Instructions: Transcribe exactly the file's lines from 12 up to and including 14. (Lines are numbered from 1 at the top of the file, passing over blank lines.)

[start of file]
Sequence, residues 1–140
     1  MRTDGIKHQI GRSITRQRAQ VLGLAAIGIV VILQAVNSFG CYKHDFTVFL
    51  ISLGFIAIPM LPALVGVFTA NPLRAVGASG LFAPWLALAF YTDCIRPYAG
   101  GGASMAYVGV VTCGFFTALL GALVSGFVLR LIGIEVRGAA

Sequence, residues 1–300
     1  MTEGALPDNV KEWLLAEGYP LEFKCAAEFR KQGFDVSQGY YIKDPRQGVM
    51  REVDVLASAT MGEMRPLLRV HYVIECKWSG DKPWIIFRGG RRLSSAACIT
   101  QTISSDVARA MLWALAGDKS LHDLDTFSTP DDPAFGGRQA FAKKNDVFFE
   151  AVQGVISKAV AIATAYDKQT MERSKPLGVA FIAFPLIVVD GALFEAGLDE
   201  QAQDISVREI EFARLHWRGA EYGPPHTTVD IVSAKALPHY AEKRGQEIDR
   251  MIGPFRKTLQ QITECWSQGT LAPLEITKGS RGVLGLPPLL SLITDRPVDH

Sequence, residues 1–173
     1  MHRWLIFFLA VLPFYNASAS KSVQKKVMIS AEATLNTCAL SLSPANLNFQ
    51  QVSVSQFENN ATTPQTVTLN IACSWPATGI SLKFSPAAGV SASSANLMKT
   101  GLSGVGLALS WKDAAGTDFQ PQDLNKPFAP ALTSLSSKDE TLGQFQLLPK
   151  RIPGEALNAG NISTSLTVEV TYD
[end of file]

Sequence, residues 1–173
     1  MHRWLIFFLA VLPFYNASAS KSVQKKVMIS AEATLNTCAL SLSPANLNFQ
    51  QVSVSQFENN ATTPQTVTLN IACSWPATGI SLKFSPAAGV SASSANLMKT